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Student Profile: Gloria Kwon9 min read

March 21, 2019

Student Profile: Gloria Kwon9 min read

An international background was good preparation for dentistry

This profile is one in a series highlighting School of Dentistry alumni, donors and students.

Ann Arbor, Mich., March 21, 2019 — The life experiences of fourth-year dental student Gloria Kwon help demonstrate the dynamic diversity found in the student body at the University of Michigan School of Dentistry. While the majority of students are from Michigan, the top-rated school also draws students from across the country and around the world. No matter their point of origin, students admitted to the dental school bring a wealth of accomplishments and interests to the school.

Gloria Kwon

For Kwon, there is no simple answer when her patients or other students ask about her background. “This is a question I go through almost every day,” she says. “People ask me where I’m from and it’s like: Do you want the long version or the short version?”

Sometimes Kwon will start with the fact that she was born in suburban Chicago when her parents, natives of South Korea, were in this country to advance her father’s education. When Kwon was three, her parents moved back to South Korea, where she lived for 10 years. Then her family moved to Dubai in the United Arab Emirates for her father’s work with the family business, an international trading company.

As a child living in Korea, she was close to her extended family and learned how the close-knit Korean culture values the wisdom of elders and people in positions of authority. After moving to Dubai, Kwon spent her formative middle school and high school years in one of the wealthiest and most diverse cities in the Middle East. Located along the southeast coast of the Persian Gulf, Dubai is a sophisticated international business center that draws people from many parts of the world. Arabic is the official language but many other languages are spoken because of the large number of residents from other countries. Similarly, although it is a Muslim country, many other religions are practiced with approval of the UAE government. It was a cultural shock for a teen-ager living there, Kwon said, because she constantly met people from other countries and cultures with wide-ranging customs.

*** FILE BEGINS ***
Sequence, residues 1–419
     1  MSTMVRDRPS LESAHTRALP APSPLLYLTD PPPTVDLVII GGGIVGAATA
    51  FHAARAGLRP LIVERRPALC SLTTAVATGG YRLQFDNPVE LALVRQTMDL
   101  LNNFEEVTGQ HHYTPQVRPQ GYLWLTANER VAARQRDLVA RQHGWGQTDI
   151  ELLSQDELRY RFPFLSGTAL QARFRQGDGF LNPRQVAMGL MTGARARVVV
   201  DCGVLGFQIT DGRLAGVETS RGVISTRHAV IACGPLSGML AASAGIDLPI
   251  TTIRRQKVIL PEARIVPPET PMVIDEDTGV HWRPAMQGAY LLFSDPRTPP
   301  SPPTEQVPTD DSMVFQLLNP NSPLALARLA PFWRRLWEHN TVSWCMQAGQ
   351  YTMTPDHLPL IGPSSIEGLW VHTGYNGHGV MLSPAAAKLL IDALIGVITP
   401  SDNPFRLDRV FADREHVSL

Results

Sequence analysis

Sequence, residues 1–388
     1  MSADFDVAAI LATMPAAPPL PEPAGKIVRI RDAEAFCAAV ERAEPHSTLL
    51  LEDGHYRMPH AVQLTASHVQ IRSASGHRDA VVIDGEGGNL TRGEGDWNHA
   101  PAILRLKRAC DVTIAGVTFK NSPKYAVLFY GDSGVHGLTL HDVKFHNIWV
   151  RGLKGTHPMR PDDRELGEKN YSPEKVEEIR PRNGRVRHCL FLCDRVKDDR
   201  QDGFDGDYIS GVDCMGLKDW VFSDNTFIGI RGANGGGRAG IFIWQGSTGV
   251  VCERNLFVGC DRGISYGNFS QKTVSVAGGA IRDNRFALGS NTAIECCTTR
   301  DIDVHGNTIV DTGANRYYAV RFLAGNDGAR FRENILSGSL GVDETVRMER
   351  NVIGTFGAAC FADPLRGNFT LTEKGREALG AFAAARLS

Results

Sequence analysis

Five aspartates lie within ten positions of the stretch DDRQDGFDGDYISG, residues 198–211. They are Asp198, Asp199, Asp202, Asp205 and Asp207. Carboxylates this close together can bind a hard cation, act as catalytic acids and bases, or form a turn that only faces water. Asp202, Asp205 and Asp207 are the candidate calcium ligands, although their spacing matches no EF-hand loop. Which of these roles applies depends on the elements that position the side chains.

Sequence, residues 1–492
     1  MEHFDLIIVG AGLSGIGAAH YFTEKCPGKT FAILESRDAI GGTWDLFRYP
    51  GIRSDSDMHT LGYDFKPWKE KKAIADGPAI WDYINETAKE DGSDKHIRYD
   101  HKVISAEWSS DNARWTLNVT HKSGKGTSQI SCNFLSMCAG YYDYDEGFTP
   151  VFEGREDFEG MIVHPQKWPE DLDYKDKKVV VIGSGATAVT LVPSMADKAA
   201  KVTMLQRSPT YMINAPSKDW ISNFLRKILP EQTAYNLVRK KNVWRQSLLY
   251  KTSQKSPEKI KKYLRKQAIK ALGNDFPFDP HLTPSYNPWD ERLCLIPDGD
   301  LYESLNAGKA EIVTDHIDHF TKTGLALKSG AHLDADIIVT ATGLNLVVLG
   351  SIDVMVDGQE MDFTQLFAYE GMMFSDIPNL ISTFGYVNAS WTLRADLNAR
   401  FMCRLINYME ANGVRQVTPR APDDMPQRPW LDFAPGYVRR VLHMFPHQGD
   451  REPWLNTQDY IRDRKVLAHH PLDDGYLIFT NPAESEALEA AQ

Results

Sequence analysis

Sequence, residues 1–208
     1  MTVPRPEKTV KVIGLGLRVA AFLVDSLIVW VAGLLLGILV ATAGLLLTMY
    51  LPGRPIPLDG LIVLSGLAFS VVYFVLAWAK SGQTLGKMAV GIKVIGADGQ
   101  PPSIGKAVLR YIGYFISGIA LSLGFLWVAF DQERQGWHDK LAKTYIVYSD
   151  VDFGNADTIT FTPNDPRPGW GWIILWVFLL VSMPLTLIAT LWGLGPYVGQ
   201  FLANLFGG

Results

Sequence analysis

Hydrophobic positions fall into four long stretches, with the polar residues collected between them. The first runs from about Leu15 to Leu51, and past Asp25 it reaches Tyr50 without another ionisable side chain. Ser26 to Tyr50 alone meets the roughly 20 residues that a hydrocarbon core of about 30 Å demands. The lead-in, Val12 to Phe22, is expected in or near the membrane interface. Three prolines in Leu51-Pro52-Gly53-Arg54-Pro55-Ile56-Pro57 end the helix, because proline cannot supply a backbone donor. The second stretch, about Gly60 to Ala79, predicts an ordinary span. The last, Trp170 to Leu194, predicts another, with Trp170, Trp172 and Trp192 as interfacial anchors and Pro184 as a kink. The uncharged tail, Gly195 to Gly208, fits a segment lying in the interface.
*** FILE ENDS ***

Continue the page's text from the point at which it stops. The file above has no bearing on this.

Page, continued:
She attended a British school and graduated from a Lebanese international high school. The schools were a microcosm of the city, with students from not only Dubai and the Middle East, but also Asia, Europe, Africa and the United States. Students spoke English in the schools, though French and Arabic were also required. Each year all the high schools in Dubai held International Day, with students from 25 to 30 countries filling a soccer field with booths where they provided food from their countries and shared their native customs. “I could see how different cultures are really interesting to learn about, their differences,” Kwon said. “Everyone wore their country’s traditional clothes. Doing that every year, I think I just got really comfortable talking with people who aren’t from similar backgrounds.”

Gloria Kwon confers with faculty member Dr. Elliott Hill about a patient’s electronic health record.

She also has traveled widely, with her family to Jordan, Israel and South Africa, and she took mission trips with members of her church to Kenya and Madagascar. She said her parents wanted her to experience more than the usual, popular tourist destinations like Europe and the U.S. “Looking back, I am so thankful that I had that experience,” she said. “It was a life experience that I use here at the dental school, because I see Middle Eastern patients, Asian patients, many European people, from so many different cultures. It was a good experience.”

When it was time to decide on college, Kwon said she wanted to experience education in the U.S., her birth country. “Living in Dubai opened my eyes to bigger things out in the world,” she said. She applied to the University of Michigan because she liked its world-class academic reputation and commitment to diversity. She had no connections to the university or Ann Arbor, so her first year was yet another time of major adjustment in her life, in large part because of the switch to speaking only English all the time. She spoke Korean at home, English at school and had picked up bits of several other languages. The result in her first months at U-M was an accent that she describes as a combination of English, Korean, Middle Eastern and Lebanese. Her English improved steadily and she did so well in her coursework, majoring in biology, that she graduated in three years.